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Issue 7 :: Trick Throws: Behind the Back

The Opening Rush: An inside look into the sport of dodgeball.

"Rondo drives, swoops behind the back to Allen for two!" We see it in basketball often. In baseball it's less frequent, but equally entertaining. Perhaps you've even seen the quarterback who, with a deceptive look and flick of the wrist, threw a touchdown pass to the bewilderment of the opposing team. The behind the back pass/throw - subtle, surprising, dazzling...and just one of the lethal weapons in your dodgeball arsenal.

How to:

Accuracy comes with practice, but deception and speed are what make it a queue shot.


Establish your regular arm motion first, and then throw behind the back using the same windup to deceive opponents. Disguise your intentions to take them by surprise. "Look off" your opponent by focusing your eyes on one of their teammates, and use your body to screen their sight of the ball until the moment of release. Your intended target will anticipate a regular throw at a different person.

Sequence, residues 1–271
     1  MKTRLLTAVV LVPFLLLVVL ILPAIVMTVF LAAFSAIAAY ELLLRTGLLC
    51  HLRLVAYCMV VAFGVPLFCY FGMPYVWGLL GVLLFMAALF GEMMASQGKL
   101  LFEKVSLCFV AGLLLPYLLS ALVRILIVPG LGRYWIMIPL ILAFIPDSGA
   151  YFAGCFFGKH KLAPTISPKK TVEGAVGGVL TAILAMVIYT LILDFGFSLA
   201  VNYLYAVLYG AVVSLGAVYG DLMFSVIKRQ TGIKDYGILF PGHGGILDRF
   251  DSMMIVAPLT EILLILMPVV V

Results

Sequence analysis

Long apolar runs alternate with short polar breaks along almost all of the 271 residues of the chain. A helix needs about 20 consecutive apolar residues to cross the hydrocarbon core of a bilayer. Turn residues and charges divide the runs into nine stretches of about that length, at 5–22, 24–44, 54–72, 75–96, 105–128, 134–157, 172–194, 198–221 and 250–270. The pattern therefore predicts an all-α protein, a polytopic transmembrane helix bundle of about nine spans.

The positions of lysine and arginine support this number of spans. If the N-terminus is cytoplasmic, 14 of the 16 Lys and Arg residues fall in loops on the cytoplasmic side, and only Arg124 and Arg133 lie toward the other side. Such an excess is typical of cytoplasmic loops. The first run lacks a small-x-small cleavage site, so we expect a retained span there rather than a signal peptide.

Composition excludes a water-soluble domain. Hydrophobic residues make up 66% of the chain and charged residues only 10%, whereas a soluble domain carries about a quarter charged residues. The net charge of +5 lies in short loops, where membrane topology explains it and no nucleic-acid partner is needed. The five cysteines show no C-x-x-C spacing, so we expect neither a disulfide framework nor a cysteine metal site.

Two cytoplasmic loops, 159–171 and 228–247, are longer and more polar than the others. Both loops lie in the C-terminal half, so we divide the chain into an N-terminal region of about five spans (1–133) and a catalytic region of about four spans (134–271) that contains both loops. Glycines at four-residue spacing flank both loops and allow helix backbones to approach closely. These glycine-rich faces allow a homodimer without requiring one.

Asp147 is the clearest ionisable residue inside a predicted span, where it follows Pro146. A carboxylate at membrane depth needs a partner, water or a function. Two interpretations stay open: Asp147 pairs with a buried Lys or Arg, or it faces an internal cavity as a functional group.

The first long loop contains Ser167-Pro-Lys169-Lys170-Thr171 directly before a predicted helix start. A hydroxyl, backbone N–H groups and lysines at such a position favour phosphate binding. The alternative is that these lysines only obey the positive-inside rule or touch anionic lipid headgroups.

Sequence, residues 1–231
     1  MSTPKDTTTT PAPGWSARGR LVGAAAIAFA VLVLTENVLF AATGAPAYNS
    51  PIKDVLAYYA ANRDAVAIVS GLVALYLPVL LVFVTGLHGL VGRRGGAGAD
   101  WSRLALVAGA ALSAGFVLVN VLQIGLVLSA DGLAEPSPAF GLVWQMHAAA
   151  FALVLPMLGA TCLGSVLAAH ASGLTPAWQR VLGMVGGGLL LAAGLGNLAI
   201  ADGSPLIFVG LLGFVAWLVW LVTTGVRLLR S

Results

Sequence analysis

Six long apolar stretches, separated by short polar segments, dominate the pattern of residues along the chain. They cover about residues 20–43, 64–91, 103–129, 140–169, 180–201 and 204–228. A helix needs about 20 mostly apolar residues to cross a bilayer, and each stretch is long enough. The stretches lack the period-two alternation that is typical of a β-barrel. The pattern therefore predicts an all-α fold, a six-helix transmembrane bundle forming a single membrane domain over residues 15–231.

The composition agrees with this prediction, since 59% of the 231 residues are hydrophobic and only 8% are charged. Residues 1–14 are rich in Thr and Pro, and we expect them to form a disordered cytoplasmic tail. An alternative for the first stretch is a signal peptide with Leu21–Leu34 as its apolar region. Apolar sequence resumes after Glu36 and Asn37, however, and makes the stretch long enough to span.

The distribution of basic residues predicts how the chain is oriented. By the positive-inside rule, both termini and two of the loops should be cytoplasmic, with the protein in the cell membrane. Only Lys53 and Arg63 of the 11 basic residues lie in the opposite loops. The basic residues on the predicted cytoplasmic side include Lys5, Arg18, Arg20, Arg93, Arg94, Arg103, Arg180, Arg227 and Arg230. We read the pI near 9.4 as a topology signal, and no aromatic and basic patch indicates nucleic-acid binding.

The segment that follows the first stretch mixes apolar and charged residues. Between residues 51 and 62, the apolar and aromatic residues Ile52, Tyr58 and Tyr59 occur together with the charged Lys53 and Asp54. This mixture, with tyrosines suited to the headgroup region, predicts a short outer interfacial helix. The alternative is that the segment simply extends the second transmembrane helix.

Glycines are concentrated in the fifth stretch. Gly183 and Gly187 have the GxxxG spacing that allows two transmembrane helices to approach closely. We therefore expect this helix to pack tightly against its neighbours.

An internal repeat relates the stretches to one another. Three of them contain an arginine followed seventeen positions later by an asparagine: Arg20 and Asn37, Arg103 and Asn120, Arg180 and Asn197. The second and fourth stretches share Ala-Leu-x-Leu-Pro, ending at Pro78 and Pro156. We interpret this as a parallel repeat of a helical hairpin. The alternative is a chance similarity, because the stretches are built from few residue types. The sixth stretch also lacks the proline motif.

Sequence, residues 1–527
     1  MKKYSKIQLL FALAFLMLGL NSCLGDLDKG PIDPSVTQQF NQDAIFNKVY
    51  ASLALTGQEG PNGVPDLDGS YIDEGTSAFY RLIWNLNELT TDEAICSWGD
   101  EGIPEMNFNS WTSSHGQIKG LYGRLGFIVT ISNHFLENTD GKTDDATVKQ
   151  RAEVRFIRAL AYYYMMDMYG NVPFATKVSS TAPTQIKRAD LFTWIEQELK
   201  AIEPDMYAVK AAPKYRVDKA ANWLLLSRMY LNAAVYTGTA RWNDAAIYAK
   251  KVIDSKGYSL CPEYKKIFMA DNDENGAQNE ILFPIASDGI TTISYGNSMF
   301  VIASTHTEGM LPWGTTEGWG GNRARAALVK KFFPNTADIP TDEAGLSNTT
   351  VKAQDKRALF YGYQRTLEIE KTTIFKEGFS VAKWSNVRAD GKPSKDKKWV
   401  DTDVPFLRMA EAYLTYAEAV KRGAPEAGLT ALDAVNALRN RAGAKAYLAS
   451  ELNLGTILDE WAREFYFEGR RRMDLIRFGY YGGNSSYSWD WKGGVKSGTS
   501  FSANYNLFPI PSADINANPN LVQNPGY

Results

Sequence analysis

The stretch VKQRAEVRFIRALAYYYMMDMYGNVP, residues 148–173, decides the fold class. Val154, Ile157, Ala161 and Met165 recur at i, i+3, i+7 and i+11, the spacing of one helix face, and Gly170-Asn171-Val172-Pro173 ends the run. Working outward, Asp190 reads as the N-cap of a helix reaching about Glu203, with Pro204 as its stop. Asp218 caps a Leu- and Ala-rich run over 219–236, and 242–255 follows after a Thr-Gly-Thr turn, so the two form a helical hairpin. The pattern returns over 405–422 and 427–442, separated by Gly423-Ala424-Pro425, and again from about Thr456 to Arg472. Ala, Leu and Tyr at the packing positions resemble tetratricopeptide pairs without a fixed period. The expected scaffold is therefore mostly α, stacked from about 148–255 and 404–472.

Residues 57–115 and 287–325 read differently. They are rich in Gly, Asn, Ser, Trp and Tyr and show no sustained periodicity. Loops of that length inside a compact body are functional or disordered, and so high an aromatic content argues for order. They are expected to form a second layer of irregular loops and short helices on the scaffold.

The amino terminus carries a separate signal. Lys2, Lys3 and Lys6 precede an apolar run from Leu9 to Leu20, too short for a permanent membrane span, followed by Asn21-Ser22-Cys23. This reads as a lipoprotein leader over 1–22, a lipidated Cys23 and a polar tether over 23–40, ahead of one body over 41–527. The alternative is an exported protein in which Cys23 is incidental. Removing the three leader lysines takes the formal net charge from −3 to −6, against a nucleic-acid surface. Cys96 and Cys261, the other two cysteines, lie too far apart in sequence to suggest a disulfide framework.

Execute the release quickly. Minimize your windup time to reduce opponent anticipation. Generate velocity through swinging your arm down and behind you, and add additional power by rotating your hips in the direction of the throw. Try to do this without compromising your deception.

Situational Use

The downside of a behind the back throw is reduced power and accuracy. It is more effective at the center line where these weaknesses are balanced by being closer to opponents and deception can make its impact. My favorite scenario is (as a right handed thrower) approaching the line at a 45° angle as if attacking the right side. While in the drawback phase of my motion I flick my hips and wrist to throw to the left instead. Other situations include protecting your flank, or faking to force a reaction and then finishing them with a normal throw.


Another variation of the behind the back throw is performing a 360° clockwise (right handed) spin and releasing the ball approximately 180° - 270° into the spin. This offers considerably more velocity with the added shock and power coming from the speed of rotating your body.

An effective behind the back throw will make you a more versatile and dangerous player. Additionally, learning how to execute a behind the back throw leads to other combination throws such as the Double Tap, Double Dragon, and the Rude Awakening.

Brett Batky, New York Epic #43

Brett BatkyNew York Epic, #43